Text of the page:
New plan to benefit young adults

By Etheria Modacure

Young adults no longer have to worry about losing the benefits of their parents’ health insurance. New reforms under the Affordable Health Care Act, which went into effect on Sept. 23,  allows people under the age of 26 to stay on their parents’ health care plan.

According to the U.S. Department of Health and Human Services,  approximately 30 percent of young adults are uninsured,  making them the least insured age group, with a rate three times higher than that of children.

The act’s passage was considered important to young adult’s because one in six young adults have chronic illnesses such as cancer, diabetes or asthma according to HHS.

“Overall, the plan will bring insurance to 33 million people who are [currently uninsured],” said Jonathan VanderBrug, health care justice director with the Campaign for Better Health Care.

“It will provide tremendous benefits to young adults,” VanderBrug said. “It will enable young adults to have peace of mind and focus on work, family and school and not worry about what should happen if they get sick.”

According to HHS, this new act provides  tax benefits to adults who pay for their childrens coverage.  A new provision under the Affordable Health Care Act states the value of any employer-provided health coverage for an employee’s child is excluded from the employee’s taxable income through the end of the tax year until they are 26 years old.

President Barack Obama and House Speaker Nancy Pelosi’s efforts to get the Affordable Health Care Act passed in March 2010 were crucial, according to VanderBrug.

“There’s no way the bill would’ve been passed without their support,” VanderBrug said. “President Obama provided the leadership to bring up this issue. [The] issue has been debated since Teddy Roosevelt was president with very little action. It wouldn’t have happened without them.”

With this new act, no insurer can drop someone if he or she get sick, and coverage cannot be canceled. According to the HHS, young adults have the lowest rate of access to employer-based insurance.

“[This act] is going to make a big difference for me,” said Tyler Wilson, 21, an intern with the Illinois Public Interest Research Group. “[I’m] just relieved and happy for everyone [who] will be affected by this.”

Wilson said he suffers from problems with his eyes and stomach and eagerly anticipates going to the doctor and getting healthy. He said he hasn’t been able to visit a doctor because he wasn’t covered under his parents’ insurance policy.

The act doesn’t imply young adults who previously were uninsured won’t receive the same benefits as other adults who are insured. According to the HHS, any qualified young adult has to be offered similar benefit packages as individuals who didn’t lose any coverage based on cessation of dependent status.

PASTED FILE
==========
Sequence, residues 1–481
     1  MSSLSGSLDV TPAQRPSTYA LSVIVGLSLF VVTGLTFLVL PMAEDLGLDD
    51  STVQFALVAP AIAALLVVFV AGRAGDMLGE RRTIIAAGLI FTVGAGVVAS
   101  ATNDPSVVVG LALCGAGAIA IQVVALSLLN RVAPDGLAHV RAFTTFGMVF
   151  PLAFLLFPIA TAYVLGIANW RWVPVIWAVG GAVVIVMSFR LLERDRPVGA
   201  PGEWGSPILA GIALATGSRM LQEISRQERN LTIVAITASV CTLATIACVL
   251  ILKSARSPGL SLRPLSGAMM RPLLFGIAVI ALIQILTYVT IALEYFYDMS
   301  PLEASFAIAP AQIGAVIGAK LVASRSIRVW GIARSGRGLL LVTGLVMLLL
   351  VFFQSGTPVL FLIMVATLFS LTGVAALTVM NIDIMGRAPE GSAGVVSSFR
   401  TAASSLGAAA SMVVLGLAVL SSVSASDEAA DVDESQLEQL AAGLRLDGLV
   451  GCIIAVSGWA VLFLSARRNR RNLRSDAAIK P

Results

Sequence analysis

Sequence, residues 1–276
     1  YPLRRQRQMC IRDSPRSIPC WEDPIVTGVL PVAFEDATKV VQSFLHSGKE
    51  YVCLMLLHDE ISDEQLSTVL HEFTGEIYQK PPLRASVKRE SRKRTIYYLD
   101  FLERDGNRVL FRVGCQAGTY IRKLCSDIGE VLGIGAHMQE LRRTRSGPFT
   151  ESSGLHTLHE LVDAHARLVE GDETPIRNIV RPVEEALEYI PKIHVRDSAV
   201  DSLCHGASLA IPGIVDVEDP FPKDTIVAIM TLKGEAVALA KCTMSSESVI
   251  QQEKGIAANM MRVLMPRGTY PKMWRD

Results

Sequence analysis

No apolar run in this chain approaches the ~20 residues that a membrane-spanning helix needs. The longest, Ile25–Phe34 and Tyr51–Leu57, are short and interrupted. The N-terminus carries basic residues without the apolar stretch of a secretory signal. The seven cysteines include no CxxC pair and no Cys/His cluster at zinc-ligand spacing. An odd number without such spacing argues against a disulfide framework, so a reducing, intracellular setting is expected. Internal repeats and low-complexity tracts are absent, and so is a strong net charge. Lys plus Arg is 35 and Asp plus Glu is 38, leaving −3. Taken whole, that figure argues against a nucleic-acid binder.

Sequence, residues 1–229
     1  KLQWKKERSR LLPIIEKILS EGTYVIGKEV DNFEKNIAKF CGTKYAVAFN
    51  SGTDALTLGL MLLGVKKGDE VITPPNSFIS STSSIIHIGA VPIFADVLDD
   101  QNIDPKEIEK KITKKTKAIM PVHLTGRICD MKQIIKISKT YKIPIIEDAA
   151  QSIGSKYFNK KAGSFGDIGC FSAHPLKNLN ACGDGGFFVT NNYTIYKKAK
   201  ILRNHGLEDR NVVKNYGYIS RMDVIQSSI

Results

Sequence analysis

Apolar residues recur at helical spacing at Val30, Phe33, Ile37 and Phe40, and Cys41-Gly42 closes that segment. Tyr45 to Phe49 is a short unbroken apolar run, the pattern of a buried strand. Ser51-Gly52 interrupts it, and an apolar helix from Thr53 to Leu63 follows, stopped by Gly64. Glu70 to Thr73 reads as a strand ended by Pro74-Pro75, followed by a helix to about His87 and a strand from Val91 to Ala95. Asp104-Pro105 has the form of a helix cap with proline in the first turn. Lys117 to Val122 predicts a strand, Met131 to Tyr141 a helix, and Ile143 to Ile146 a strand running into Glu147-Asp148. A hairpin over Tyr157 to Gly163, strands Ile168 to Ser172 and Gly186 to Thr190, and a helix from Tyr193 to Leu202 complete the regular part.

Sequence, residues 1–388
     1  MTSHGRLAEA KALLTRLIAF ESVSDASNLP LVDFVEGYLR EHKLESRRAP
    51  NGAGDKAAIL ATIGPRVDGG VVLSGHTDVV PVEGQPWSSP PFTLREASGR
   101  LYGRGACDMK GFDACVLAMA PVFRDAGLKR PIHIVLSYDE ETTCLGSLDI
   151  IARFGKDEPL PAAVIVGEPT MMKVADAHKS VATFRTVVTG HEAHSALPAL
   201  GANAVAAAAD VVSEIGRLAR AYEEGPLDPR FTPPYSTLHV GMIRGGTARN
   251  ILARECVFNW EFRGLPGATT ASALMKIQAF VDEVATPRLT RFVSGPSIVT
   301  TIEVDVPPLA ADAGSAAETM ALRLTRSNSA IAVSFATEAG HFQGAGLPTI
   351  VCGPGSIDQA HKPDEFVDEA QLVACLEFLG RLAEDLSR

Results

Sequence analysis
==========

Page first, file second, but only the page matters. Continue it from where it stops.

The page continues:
The individual can’t be required to pay more for any coverage, but this policy only applies to health insurance plans offering dependent coverage.

“This is a pretty big win for young adults,” VanderBrug said.

As of Sept. 23, young adults and their parents should begin to check for immediate options, according to HHS. Secretary Kathleen Sebelius, who wanted leading insurance companies to begin covering young adults before the initial date of the Affordable Care Act.

This would avoid any gaps in coverage for young adults and save on insurance companies’ administrative costs, according to HHS.

Blue Cross and Blue Shield, WellPoint, Inc., Humana and Aetna were just some of the leading health insurance companies to respond to Sebelius’ call to action.

In a news release, The Regence Group insurer stated it was behind the call for early implantation. The Regence Group is a health insurance company that provides coverage in Idaho, Washington, Oregon

and Utah.

“Regence has long supported health care reform and we believe this is a practical, positive step toward providing our members and their families with high quality, affordable health care coverage,” said Mark B. Ganz, president and CEO of Regence, in a news release.“Consumers are confused about what health care reform means to them, and by making these changes now, we ensure our young members continue to have access to the health care they need.”

According to HHS, if the option for early enrollment wasn’t present, young adults would then qualify for an open enrollment to join their family plan beginning after Sept. 23. Insurers must notify parents about this open enrollment period.